Economy

Saudis contact oil firms in response to seven-month low

Saudis contact oil firms in response to seven-month low

Oil prices tumbled more than 4% on Wednesday to a seven-month low, extending recent heavy losses following a surprise build in USA crude stockpiles and fears that demand will shrink due to Washington's escalating trade war with Beijing.

Brent for October settlement climbed $1.15 to settle at $57.38 on the ICE Futures Europe Exchange.

West Texas Intermediate oil for September delivery advanced $1.49, or 2.9%, to $52.58/bbl on the New York Mercantile Exchange as of 9:01 a.m. local time, after rising as much as $1.75 earlier.

WTI traded in the green zone temporarily on late Tuesday, up to $55.43 is now off 18% from its 2019 peak of $66.31 reached April 23.

"Trade war rhetoric will continue to guide markets, but the comments from Saudi Arabia could lead to unprecedented action to stabilize prices", said Alfonso Esparza, a Toronto-based senior market analyst at Oanda.

Brent has plunged more than 10 percent over the past week after US President Donald Trump said he would slap a 10% tariff on a further $300 billion in Chinese imports from September 1, sending global equity markets into a tailspin.

Crude oil futures hit their lowest levels since early 2019 on Wednesday after data from Energy Information Administration showed a significant jump in USA crude stockpiles in the week ended August 2, after seven successive weeks of declines.

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Oil bounced from the lowest level since January after Saudi Arabia contacted different producers to discuss choices to stem a rout that's been driven by the aggravating U.S. -China trade dispute could further dampen demand growth this year. There will also be modest cuts to Asian buyers.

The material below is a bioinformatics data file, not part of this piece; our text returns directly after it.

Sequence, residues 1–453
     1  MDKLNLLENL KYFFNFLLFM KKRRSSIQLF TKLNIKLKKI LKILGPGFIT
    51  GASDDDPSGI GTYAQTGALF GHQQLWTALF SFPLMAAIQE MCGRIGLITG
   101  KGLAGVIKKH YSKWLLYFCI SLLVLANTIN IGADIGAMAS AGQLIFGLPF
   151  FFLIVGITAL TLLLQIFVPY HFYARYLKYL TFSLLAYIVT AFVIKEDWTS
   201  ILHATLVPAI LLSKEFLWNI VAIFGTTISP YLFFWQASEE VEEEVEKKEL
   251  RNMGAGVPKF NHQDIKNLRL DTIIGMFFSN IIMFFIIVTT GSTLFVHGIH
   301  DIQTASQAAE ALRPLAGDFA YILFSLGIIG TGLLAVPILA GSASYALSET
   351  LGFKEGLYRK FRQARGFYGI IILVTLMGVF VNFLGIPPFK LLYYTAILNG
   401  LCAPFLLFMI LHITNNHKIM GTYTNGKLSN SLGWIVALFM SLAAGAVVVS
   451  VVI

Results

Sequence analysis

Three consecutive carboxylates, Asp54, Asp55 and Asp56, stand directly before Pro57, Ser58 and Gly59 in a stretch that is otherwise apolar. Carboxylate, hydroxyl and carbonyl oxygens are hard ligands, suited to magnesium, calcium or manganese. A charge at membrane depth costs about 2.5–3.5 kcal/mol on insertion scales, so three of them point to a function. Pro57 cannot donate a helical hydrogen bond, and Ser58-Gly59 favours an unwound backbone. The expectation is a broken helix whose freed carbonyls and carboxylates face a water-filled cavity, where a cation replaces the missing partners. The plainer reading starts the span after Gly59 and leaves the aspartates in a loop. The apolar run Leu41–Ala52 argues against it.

The oil markets extended losses after USA government data showed that United States crude stockpiles rose unexpectedly last week, increasing 2.4 million barrels, compared with analysts' expectations for a decrease of 2.8 million barrels.

"We believe that the oil market is now in a phase of exaggeration".

Tensions in the Middle East remain high after Iran seized a number of tankers in recent weeks in the Strait of Hormuz, a major chokepoint for oil shipments.

Rystad Energy said the oil market was going "from gloomy to gloomier", calling into question the consultancy's own bullish view for the first part of 2020.

Crude has fallen about 10% this month as a deterioration in relations between the world's two biggest economies worsens an already bleak consumption outlook.

Saudi Energy Minister Khalid al-Falih and U.S. Energy Secretary Rick Perry on Tuesday expressed mutual concern over threats targeting freedom of maritime traffic in the Gulf.